My name is Pastor Hans Fiene.  Thanks for reading.

Thursday, February 10, 2011

Own Goal: Episode 1

Hey, I invented a new blog series to cancel three episodes in again.  Aren't you excited?

This new series is called "Own Goal."  The purpose of the Own Goal series is to show examples of when advocates of creative/contemporary liturgies accidentally make really good arguments for faithful and exclusive use of the Historic Liturgy.  Just like in sports when a person accidentally scores a goal for the other team.  Hence "Own Goal."

So here we go.  "Own Goal: Episode 1"...

Recently I attended a pastors conference where we were discussing Lutheran worship.  During this discussion, the guy leading it made the argument that those who choose to use creative and/or contemporary liturgies are free to do so, but that they place a heavy burden upon their shoulders because writing a good liturgy is pretty hard to do.  In response to this, a pastor came to the microphone and commented on how true this statement was.  His words were basically as follows: It is a very heavy burden.  And it's not something that I can do on my own.  So we as a church body need to work on this together.  We really need to be raising up people who can learn how to do this.  Our seminaries really need to be teaching students how to do this.

Or, in other words, writing a liturgy that's as good as the liturgy that our church body has been using since forever and a half ago is too hard for your average parish pastor.  In fact, it's such a hard thing to accomplish that it's going to require input from generations of theologians along with massive institutional reform before it happens.

So, uh, you can either first convince the entire Evangelical Lutheran Church throughout the world to be of the same mindset concerning contemporary liturgies, then completely change the focus of seminary education from what it's been throughout its entire history, then raise up several consecutive generations of Lutheran pastors who have both the theological and musical acumen to master every genre of music as soon as said genres come into you can spend three hundred years doing that.  Or you can just open your hymnal to page 184 today.  You know, either one.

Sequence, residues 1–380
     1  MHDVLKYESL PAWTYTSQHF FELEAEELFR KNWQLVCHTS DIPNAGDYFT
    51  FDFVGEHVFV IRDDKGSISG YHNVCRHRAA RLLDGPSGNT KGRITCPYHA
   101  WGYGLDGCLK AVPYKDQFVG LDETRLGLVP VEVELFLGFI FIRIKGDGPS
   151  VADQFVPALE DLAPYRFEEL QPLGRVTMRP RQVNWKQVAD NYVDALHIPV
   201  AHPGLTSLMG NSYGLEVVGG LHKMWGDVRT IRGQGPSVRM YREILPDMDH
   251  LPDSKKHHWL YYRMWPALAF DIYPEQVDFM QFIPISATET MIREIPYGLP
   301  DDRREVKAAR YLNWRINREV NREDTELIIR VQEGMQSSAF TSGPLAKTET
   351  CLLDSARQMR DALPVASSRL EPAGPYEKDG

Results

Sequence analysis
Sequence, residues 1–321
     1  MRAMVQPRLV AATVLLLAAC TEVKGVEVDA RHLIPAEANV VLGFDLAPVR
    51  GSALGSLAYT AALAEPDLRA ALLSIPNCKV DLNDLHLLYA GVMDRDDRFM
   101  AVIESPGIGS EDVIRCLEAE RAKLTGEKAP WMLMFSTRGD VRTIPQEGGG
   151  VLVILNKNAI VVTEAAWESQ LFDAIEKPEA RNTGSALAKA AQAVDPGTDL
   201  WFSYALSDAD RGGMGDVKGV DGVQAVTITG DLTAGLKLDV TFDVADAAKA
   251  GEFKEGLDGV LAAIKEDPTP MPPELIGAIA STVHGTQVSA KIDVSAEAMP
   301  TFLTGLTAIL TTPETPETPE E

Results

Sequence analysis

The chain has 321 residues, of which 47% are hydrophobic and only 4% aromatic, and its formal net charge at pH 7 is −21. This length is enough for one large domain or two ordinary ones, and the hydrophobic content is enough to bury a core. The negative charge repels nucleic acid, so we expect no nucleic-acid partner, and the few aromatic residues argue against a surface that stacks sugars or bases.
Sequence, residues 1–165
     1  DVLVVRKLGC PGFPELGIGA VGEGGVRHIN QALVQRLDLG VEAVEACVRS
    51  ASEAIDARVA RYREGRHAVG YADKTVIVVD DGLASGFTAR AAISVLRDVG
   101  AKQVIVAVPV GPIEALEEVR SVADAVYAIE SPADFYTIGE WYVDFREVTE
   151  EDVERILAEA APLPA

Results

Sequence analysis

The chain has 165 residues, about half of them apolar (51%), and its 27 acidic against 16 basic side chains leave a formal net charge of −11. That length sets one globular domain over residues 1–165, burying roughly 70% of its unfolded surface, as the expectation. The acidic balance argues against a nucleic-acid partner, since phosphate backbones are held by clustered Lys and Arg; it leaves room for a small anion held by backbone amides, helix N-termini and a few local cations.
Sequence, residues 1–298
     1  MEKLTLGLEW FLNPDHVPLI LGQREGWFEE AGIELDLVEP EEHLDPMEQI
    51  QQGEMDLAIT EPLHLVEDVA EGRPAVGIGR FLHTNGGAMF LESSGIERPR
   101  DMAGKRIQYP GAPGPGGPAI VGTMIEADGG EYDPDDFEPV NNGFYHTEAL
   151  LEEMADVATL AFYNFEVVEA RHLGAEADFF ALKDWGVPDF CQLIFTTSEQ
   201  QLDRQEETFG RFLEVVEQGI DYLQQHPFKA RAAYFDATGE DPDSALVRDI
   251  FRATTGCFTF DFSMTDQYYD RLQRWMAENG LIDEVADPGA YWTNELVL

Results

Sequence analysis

Own goal, dude.  Own goal.

P.S. I Hate You (Part 2)

Dear High Church, Thurible Swinging Guy,

It's come to my attention that you heard about my recent letter to that guy across town who annoys you.  I know it's somewhat common for you to find validation in his failures and embarrassments.  But just so that you don't get your brain turned upside down in all your excitement, let me set the record straight for you as well.  So here goes:

I don't like you either.

Now, you may not want to think that's true.  You may be certain that things will be different if I just watch you get your reverence on.  You may hope that the piety emanating from your vocal chords and pointy fingers will captivate me in a way that I've never been captivated before.  You may be confident that your butter-smooth pulpit prose will soothe the acid burn in my throat that first started when that guy across town started doing a sermon series based on Coldplay lyrics...which caused me to throw up in my mouth a little.

But don't think that the reason barf surged up my esophagus was because I hate bad sermons about Jesus.  It was because I hate sermons about Jesus, good, bad or otherwise.  It's not the level of reverence that I despise.  It's the thing being revered that I can't stand.  

So don't fool yourself.  Don't think that your ancient traditions and unflinching liturgical composure will somehow bring me to the faith.  I hate the Gospel.  I hate it if it's sung from a bed of power chords and distortion pedals and I hate it if it's chanted from gold covered lectionaries cradled in white gloved hands.  I hate Jesus.  I hate Him when His blood is poured into mini Dixie cups and I hate Him when His blood is drunk from ruby encrusted silver chalices.  I'm not interested in the story of salvation if it's poorly told by twirling girls in leotards and I'm not interested in it if it's beautifully told by men who wafted through tufts of frankincense smoke and ascended into hand carved acacia pulpits in order to tell it. 

And even if I think that your way of telling the story has more art and culture than does the story of the guy down the street, don't think this means that I've come to faith.  It just means that I have taste.  Just because I'd love to flash-mob-sing the Hallelujah chorus with you in a crowded mall on Saturday afternoon doesn't mean I have any interest in truly confessing the King of Kings with you on Sunday morning.  I don't.  Because I hate Him.  And as long as that is the case, I'll always hate you too.


The World